When you arrive home, with feet numb like swollen ice bricks, fingers white and brittle, or soaked to the skin, winter can seem a less than fabulous time to ride a bike. But we still keep on doing it, and there have to be some very good reasons for that. Here are a few to bear in mind next time you question your sanity…
The transition from cold to warm
Leaving the house wrapped head to toe in layers of winter gear, the air can feel bitingly cold. In the real mid-winter, the sight of your own breath adds insult to the injury; it confirms the extent of the chill.
Once you start rolling, your body begins to work and your muscles warm up. It’s then that I sometimes find the puff of white exhalation strangely satisfying. Riding when you can see your breath is an indication that you are staying active in the depths of the British big-freeze, and the dichotomy between warm body and cold winter air is oddly comforting.
Clever winter kit
After a winter ride with no overshoes, when the temperature gauge read about 3 degrees, I bought myself a new pair of Castelli Diluvio overshoes. I can tell you, my next ride was a lot more pleasant. My feet weren’t just “not cold”, they felt like little radiators on the ends of my legs.
Good winter clothing can’t solve all your problems, and it will never be faultless, but my, it is incredibly clever. ‘Nanothis’, ‘windstopperthat’ – it certainly not always cheap, but so much research has gone into creating the perfect fabric, it’s quite a pleasure to know that the clothes on your back are the product of so much innovation.
Here’s our round up of some of the most essential winter kit, if you’ve yet to stock up.
Cycling past traffic despite the weather
Wheeling (carefully!) along past stationary traffic as you make your way to the front of the queue at the lights (note – the front – never squeezed in the blind spot of a vehicle) is satisfying all year round. This is particularly true if you pass the car that overtook you a couple of minutes ago.
In winter, it’s even more of an ego massage. It’s chilly and the frost has settled on the grass and pavements, but you, my friend are hardcore – more hardcore than all these drivers huddled in their cars. Perhaps the pleasure comes from a sense of pride at being able to survive without air con and windscreen wipers, but it’s also twice as pleasing when you’re getting where you’re going quicker, too.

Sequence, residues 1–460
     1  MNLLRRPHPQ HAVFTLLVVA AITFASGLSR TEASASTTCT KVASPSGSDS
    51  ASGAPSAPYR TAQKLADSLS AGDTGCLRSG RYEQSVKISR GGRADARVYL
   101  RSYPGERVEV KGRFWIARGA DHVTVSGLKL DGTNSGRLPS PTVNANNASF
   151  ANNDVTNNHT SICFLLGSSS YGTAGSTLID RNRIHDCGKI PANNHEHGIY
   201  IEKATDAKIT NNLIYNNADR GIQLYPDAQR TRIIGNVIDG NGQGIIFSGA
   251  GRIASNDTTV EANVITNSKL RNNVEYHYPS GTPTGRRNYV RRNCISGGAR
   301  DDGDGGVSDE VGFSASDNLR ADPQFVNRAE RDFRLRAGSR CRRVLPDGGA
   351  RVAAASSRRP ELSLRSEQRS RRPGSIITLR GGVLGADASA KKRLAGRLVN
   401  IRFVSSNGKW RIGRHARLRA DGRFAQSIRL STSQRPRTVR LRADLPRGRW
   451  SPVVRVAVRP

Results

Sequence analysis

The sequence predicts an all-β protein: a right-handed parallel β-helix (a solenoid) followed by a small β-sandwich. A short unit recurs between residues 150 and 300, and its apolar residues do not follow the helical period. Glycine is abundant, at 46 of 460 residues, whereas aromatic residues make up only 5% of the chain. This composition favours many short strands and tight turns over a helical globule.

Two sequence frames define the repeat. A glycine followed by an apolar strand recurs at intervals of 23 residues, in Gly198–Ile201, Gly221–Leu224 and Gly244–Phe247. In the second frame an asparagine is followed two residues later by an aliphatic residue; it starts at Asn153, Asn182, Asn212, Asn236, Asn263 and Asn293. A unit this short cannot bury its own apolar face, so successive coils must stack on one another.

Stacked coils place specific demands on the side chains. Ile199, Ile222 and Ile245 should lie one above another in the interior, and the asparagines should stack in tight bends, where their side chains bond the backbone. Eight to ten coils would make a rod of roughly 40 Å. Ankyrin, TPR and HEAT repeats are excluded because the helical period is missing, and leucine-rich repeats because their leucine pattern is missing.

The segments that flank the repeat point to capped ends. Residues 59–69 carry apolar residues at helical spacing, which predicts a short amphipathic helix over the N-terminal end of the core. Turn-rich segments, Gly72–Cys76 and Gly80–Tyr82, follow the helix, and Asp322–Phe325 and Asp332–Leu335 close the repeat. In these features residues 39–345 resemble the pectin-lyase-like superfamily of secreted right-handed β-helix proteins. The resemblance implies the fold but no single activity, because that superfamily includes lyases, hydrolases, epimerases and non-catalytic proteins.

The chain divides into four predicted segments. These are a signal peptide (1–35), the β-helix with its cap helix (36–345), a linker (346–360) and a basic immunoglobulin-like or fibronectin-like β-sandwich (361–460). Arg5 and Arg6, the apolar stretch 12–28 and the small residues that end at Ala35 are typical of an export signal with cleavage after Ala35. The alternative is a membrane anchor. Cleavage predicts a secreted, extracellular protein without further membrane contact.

Camaraderie between cyclists
We cyclists are a friendly bunch as it is – we know each other’s struggles with traffic and punctures and we do our best, most of the time, to help each other out. In winter, we all know those struggles are heightened. There’s a heightened sense of how as this is London not Amsterdam, we’ve got to be a little bit crazy to be doing what we’re doing, and that is faintly amusing.
I’ve endured rides to and from my work in driving rain with fellow commuting colleagues, and though it was grim, we shared the grim-ness between us. I remember a winter ride with a good friend of mine where neither of us could feel a single finger or toe on return, but it’s a memory I think on fondly because we shared the pain and had a good laugh over hot chocolate half-way round.
The hot drink when you get in
Arriving at work or (better still) walking through your front door at home, flicking on the kettle and preparing that lovely hot drink to wrap your icy fingers around is such a reward for your efforts. Even better, is having someone do it for you, or drinking from a cool mug, like my Chapeau one.
What do you like most about winter riding? If so – do make sure your bike is ready – here are our tips on winterising your bike.
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As seen on The Guardian, BBC and The Independent.